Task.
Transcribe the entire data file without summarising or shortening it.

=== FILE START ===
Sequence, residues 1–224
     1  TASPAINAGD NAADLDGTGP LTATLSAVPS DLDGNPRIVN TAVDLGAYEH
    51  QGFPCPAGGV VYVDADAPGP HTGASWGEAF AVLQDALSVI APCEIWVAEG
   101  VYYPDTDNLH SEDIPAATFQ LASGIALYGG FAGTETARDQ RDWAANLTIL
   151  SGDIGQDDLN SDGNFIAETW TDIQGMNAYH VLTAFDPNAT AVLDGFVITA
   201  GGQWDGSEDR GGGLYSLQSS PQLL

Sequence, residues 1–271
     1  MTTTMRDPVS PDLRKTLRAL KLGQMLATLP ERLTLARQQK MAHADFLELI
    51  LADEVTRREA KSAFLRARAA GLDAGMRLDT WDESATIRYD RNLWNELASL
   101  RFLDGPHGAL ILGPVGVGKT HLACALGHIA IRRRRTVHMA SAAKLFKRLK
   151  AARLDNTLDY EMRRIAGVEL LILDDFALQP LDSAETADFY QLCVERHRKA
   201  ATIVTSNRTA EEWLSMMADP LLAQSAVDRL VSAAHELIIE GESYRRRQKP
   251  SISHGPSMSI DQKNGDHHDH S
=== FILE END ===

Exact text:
Sequence, residues 1–224
     1  TASPAINAGD NAADLDGTGP LTATLSAVPS DLDGNPRIVN TAVDLGAYEH
    51  QGFPCPAGGV VYVDADAPGP HTGASWGEAF AVLQDALSVI APCEIWVAEG
   101  VYYPDTDNLH SEDIPAATFQ LASGIALYGG FAGTETARDQ RDWAANLTIL
   151  SGDIGQDDLN SDGNFIAETW TDIQGMNAYH VLTAFDPNAT AVLDGFVITA
   201  GGQWDGSEDR GGGLYSLQSS PQLL

Sequence, residues 1–271
     1  MTTTMRDPVS PDLRKTLRAL KLGQMLATLP ERLTLARQQK MAHADFLELI
    51  LADEVTRREA KSAFLRARAA GLDAGMRLDT WDESATIRYD RNLWNELASL
   101  RFLDGPHGAL ILGPVGVGKT HLACALGHIA IRRRRTVHMA SAAKLFKRLK
   151  AARLDNTLDY EMRRIAGVEL LILDDFALQP LDSAETADFY QLCVERHRKA
   201  ATIVTSNRTA EEWLSMMADP LLAQSAVDRL VSAAHELIIE GESYRRRQKP
   251  SISHGPSMSI DQKNGDHHDH S